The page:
By Emily Rackers
CANAS, Costa Rica — Hacienda La Pacífica exports 4,000 tons of tilapia to Canada and the United States each year, Davis Marshall Elones, operation manager of La Pacífica said. With such a high demand for the fish, La Pacífica must work to maximize efficiency to ensure timely production.
In the initial stages of production, the tilapia are put in small tanks to fatten them up and prevent birds from carrying them away.
“They only need to eat and shit,” Elones said, laughing.
The tank must be small to prevent stressing the fish, which can kill them.
Once they’ve been properly fattened, the tilapia are moved to lake-like tanks, each with exactly 27,000 fish. The fish are counted using a special wheel that circulates water and adds oxygen to the tank.
During this time, the tilapia are fed a mixture of shrimp, fish, vitamins and protein to encourage growth. Workers must monitor the oxygen levels and pH balance of the tank every week or risk the death of the entire tank.
“If we lose one of these [tanks], it’ll be pretty serious because we won’t have the daily production,” Elones said.
Elones and the workers have made an unusual ally that helps keep the tilapia tanks clean: clams.
Elones said that one clam has the power to transform 20 gallons worth of dirty water into crystal clear in half an hour.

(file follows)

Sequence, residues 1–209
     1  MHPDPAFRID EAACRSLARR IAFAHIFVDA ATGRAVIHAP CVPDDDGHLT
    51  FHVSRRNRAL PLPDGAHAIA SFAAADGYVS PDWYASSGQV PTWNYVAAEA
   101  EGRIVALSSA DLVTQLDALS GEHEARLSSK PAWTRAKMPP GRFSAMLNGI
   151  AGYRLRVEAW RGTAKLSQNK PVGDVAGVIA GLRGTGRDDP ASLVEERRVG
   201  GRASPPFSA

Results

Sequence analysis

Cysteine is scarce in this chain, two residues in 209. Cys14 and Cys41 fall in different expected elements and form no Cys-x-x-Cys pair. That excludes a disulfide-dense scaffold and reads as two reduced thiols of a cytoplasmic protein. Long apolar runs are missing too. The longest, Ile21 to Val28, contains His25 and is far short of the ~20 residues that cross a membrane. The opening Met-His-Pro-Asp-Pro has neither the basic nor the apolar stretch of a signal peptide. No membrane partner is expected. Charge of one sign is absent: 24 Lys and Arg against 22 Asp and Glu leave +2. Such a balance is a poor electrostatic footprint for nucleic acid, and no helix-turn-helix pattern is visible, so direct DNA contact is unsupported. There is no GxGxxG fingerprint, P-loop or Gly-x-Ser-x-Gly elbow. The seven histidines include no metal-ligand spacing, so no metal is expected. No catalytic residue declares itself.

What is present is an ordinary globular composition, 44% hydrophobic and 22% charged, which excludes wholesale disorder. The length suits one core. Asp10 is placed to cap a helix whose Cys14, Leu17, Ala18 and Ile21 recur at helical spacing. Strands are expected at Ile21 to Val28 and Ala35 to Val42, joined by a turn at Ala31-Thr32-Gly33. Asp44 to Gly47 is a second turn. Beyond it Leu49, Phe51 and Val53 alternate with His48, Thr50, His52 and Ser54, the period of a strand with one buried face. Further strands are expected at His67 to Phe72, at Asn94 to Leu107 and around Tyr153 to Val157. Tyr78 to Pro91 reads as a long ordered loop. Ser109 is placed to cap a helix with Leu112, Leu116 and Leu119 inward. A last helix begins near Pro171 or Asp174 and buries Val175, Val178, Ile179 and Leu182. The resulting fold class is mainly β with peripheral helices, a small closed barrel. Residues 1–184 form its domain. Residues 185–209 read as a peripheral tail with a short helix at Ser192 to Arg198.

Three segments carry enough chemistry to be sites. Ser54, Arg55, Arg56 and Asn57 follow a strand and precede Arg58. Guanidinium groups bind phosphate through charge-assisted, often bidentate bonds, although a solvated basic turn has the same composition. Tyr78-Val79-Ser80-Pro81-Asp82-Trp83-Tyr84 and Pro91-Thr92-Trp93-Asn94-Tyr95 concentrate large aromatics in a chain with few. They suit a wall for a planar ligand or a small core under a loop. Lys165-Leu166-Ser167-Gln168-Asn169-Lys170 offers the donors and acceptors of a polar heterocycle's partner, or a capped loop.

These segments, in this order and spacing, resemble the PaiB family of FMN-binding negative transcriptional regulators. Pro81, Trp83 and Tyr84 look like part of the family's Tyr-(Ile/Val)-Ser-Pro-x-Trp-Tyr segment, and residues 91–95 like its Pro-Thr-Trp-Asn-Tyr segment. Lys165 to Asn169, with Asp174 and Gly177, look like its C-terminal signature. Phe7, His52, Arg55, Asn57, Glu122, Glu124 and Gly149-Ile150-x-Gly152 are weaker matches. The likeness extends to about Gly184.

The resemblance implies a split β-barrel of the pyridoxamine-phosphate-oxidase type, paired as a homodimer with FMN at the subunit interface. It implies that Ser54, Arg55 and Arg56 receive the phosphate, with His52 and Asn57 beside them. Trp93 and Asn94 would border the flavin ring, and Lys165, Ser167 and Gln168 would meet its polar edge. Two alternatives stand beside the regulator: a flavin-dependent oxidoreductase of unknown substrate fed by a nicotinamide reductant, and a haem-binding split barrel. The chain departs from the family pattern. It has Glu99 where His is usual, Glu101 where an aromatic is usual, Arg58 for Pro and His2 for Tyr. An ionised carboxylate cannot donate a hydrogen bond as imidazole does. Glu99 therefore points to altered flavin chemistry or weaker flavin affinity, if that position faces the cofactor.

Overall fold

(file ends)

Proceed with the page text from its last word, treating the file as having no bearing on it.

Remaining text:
But the tilapia aren’t the only members of La Pacífica that need special care. Workers must take extra precautions to remain healthy as well. Most shifts are worked during the night to reduce the risk of skin cancer, which Elones said is a significant problem that farm workers face.
While the sun isn’t always good for the workers, La Pacífica harnesses the power of the sun to improve underperforming tanks.
When production at a tank is slow, and after the fish have been removed, workers drain the tank and let the sun heat the soil. They then wait for the ground to crack and start to absorb oxygen. After about a month, grass starts to grow. When this happens, workers know the tank has been revived and is ready for another batch of tilapia.
The last step in the process is transferring the tilapia to the packaging plant, where they will remain alive for three days. Fillets are packaged and sent to the United States and Canada. The bones and skin are sold to Japan.